02/2014; 5(1):326. DOI:10.4172/2155-9570.1000326
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    • "Macular pigment carotenoids lutein (L), zeaxanthin (Z) and meso-zeaxanthin (MZ) have numerous proposed roles within the eye and brain. These include protection from photochemical damage and oxidative stress [1] and improving visual and cognitive function [2], [3], [4], [5], [6], [7], [8], [9]. A standard clinical protocol for measuring macular pigment optical density (MPOD) using heterochromatic flicker photometry (HFP) has been developed [10]. "
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    ABSTRACT: Recent evidence indicates that gene variants related to carotenoid metabolism play a role in the uptake of macular pigments lutein (L) and zeaxanthin (Z). Moreover, these pigments are proposed to reduce the risk for advanced age-related macular degeneration (AMD). This study provides the initial examination of the relationship between the gene variants related to carotenoid metabolism, macular pigment optical density (MPOD) and their combined expression in healthy humans and patients with AMD. Forty-four participants were enrolled from a general population and a private practice including 20 healthy participants and 24 patients with advanced (neovascular) AMD. Participants were genotyped for the three single nucleotide polymorphisms (SNPs) upstream from BCMO1, rs11645428, rs6420424 and rs6564851 that have been shown to either up or down regulate beta-carotene conversion efficiency in the plasma. MPOD was determined by heterochromatic flicker photometry. Healthy participants with the rs11645428 GG genotype, rs6420424 AA genotype and rs6564851 GG genotype all had on average significantly lower MPOD compared to those with the other genotypes (p<0.01 for all three comparisons). When combining BCMO1 genotypes reported to have "high" (rs11645428 AA/rs6420424 GG/rs6564851 TT) and "low" (rs11645428 GG/rs6420424 AA/rs6564851 GG) beta-carotene conversion efficiency, we demonstrate clear differences in MPOD values (p<0.01). In patients with AMD there were no significant differences in MPOD for any of the three BCMO1 gene variants. In healthy participants MPOD levels can be related to high and low beta-carotene conversion BCMO1 genotypes. Such relationships were not found in patients with advanced neovascular AMD, indicative of additional processes influencing carotenoid uptake, possibly related to other AMD susceptibility genes. Our findings indicate that specific BCMO1 SNPs should be determined when assessing the effects of carotenoid supplementation on macular pigment and that their expression may be influenced by retinal disease.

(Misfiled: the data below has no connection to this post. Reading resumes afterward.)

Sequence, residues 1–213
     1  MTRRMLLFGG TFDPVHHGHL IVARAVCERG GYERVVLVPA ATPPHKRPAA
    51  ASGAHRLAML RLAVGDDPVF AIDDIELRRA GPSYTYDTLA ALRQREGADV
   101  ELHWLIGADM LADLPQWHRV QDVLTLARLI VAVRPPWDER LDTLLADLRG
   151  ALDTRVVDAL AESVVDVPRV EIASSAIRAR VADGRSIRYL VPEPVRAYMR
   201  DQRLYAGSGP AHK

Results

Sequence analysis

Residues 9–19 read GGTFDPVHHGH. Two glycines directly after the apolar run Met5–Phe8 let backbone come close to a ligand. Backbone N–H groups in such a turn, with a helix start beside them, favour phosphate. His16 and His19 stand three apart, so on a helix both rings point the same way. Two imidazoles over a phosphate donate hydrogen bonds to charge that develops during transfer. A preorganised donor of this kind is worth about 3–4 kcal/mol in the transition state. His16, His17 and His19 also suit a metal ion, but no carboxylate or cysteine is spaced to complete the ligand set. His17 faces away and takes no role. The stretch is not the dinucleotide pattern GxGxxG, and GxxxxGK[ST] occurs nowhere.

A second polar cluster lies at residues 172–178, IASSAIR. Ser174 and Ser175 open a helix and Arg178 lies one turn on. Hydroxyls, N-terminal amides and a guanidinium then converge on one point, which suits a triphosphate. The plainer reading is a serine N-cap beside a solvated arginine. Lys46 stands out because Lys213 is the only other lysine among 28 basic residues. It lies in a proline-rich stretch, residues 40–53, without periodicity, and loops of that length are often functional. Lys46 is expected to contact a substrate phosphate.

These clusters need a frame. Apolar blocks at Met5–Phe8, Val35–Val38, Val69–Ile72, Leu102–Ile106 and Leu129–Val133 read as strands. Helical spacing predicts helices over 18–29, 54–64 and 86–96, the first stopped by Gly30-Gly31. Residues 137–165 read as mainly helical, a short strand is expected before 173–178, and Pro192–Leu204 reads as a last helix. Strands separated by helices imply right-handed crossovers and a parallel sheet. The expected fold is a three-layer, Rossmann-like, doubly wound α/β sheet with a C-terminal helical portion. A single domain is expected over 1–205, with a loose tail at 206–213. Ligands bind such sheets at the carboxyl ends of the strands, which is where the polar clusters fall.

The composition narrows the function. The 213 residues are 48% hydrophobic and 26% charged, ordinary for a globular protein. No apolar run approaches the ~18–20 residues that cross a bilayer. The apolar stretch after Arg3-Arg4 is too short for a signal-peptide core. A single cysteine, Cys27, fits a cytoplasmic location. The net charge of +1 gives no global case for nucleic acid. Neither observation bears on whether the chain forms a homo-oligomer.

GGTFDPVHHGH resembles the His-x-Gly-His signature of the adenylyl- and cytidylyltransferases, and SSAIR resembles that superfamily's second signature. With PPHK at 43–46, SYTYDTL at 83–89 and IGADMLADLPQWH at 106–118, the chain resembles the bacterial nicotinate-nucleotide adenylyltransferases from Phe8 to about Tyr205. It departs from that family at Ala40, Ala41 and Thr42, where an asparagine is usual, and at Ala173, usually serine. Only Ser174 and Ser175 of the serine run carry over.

PLoS ONE 02/2014; 9(2):e89069. DOI:10.1371/journal.pone.0089069 · 3.23 Impact Factor